Artist Managers Call Out Sony Following Spotify Contract Leak, Sony Responds That It Pays

The major label responded to the letter, saying it pays out 'breakage' to artists.

The leaked contract between Sony and Spotify, obtained and published (and since removed) by The Verge this past Tuesday (May 19) has, besides getting worldwide attention since its publication, drawn the interest of the International Music Managers Forum, the organization representing those music businesspersons who are most closely aligned with artists. The leak itself was an unprecedented look behind the scenes of the recording industry's fastest-growing source of income; these contracts are well-guarded secrets. That they have been so guarded has meant many questions from artists about what many see as low royalty rates from the streaming services -- the contract's leak seemed to refocus that ire towards the labels themselves.

In its opening question, the IMMF wonders (citing the deals Sony secured in the contract including a $42.5 million advance payable over three years and advertising credits worth $9 million, which Sony was cleared to sell to third parties or use for its artists): If labels are making money with artists' recordings without honoring the crux of their agreements with artists -- that they will promote and push those recordings in the marketplace -- then what are artists paying them for? It's a fair question. The labels would likely argue that, without their bargaining power the licensing rates Spotify would offer would be even more onerous. More pragmatically, the labels are companies which own things and seek to profit from those things, of which these deals are a clear example.

Sony Music responded to a request by Billboard with a statement on the company's policy on breakage, the term given to revenue from the recording business that is not designated for artists and is able to be "grabbed" by labels. "Sony Music historically has shared digital breakage with its artists, and voluntarily credits breakage from all digital services to artist accounts. Under the Sony Music 'Breakage Policy,' SME shares with its recording artists all unallocated income from advances, non-recoupable payments and minimum revenue guarantees that Sony Music receives under its digital distribution deals. This applies to all revenue under digital catalog distribution agreements, whether or not the guarantees, advances or 'flat' payments can be associated with individual master transactions."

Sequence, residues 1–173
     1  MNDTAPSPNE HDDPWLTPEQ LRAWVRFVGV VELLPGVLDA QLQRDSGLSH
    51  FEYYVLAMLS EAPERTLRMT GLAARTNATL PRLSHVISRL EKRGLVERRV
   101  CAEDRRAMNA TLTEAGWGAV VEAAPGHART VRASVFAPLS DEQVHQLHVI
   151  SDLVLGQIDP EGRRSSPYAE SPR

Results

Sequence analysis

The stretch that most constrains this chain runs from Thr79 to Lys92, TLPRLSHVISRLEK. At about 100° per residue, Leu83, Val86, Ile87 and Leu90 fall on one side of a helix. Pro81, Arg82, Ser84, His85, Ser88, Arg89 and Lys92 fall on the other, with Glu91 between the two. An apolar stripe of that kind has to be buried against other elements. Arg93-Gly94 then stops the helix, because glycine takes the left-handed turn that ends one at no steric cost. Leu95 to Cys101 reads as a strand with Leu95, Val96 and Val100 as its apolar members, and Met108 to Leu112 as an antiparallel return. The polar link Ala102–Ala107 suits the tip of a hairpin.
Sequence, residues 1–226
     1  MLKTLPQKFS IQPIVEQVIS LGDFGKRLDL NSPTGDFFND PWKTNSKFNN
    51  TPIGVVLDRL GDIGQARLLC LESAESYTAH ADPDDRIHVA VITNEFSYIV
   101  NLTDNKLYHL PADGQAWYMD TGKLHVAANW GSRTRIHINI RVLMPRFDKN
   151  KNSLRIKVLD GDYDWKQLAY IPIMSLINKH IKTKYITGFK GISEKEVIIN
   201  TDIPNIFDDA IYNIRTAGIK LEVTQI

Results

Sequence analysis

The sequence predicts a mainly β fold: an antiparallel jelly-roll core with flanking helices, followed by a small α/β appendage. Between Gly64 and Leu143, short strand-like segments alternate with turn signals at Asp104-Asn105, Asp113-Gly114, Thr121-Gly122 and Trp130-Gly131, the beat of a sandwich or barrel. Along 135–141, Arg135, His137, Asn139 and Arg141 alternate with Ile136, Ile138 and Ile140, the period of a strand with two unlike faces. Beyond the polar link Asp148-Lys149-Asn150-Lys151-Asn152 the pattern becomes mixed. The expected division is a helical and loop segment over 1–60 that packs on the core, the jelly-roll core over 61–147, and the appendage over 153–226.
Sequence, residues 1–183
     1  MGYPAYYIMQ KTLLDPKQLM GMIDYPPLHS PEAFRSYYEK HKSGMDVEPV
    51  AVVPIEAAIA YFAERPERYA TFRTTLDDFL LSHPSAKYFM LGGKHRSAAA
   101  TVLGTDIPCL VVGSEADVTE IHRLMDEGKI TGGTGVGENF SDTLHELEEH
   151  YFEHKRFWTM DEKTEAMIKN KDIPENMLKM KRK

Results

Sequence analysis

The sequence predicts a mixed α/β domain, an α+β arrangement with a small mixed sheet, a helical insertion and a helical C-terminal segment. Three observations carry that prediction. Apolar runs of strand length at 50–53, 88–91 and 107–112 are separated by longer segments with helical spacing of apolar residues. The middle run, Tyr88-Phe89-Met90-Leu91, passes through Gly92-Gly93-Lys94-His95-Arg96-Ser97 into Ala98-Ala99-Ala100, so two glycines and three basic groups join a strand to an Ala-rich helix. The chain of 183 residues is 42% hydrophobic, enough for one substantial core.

The IMMF also calls for access to streaming services' substantial real-time data on listening, something that is harder for labels to argue against Spotify providing artists and their representatives. The request isn't unheard of, and many companies have recently bolstered their own data sharing options, including Pandora and Kobalt's (now) well-known data offerings, which provide real-time sales and listening data from various services (for the latter). As well, digital distributor InGrooves is said to be at work on its own back-end overhaul. This access helps artists identify key markets for touring purposes, as well as invaluable demographic information that could help them better orient themselves in the market.

Thirdly, the organization asks for "broad strokes transparency" around rates and exploitation of their work with third parties like streaming services. "Any contract where a label or publisher waives the artist's right to receive such information should be considered void," the IMMF writes. While morally legit, this argument unfortunately depends on the deals that artists have signed with their labels.

The organization spends the last third calling for a general update of the "standard practices" of the labels, "developed incrementally over a long period of time as a series of responses to a series of changes in how music was sold before the digital market arrived." They are presumably referencing things like the consent decrees, which have their genesis in a lawsuit brought by the U.S. government against the public rights organizations which limited their licensing discretion (these are currently under review), as well as the amorphous nature of recording agreements in general in the digital era.

That the IMMF chose to write about the leaked contract in itself speaks to a dramatic rift between creators and the companies that distribute and market them -- a rift that doesn't show any signs of healing, at least any time soon.